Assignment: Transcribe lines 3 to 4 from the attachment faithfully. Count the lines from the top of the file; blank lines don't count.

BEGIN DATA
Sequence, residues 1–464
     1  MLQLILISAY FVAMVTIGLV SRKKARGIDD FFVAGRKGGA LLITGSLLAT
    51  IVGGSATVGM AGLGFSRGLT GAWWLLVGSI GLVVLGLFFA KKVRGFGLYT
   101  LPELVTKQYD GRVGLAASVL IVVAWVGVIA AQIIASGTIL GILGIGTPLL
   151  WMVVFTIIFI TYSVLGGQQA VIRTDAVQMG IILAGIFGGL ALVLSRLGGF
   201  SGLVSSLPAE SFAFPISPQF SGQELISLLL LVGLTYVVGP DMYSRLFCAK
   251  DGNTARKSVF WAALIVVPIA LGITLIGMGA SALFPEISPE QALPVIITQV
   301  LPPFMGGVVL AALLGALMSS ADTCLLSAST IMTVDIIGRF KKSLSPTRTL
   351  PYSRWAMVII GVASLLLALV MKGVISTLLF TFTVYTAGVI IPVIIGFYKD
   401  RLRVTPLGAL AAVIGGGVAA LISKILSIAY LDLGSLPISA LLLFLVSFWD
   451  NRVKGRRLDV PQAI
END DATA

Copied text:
    51  IVGGSATVGM AGLGFSRGLT GAWWLLVGSI GLVVLGLFFA KKVRGFGLYT
   101  LPELVTKQYD GRVGLAASVL IVVAWVGVIA AQIIASGTIL GILGIGTPLL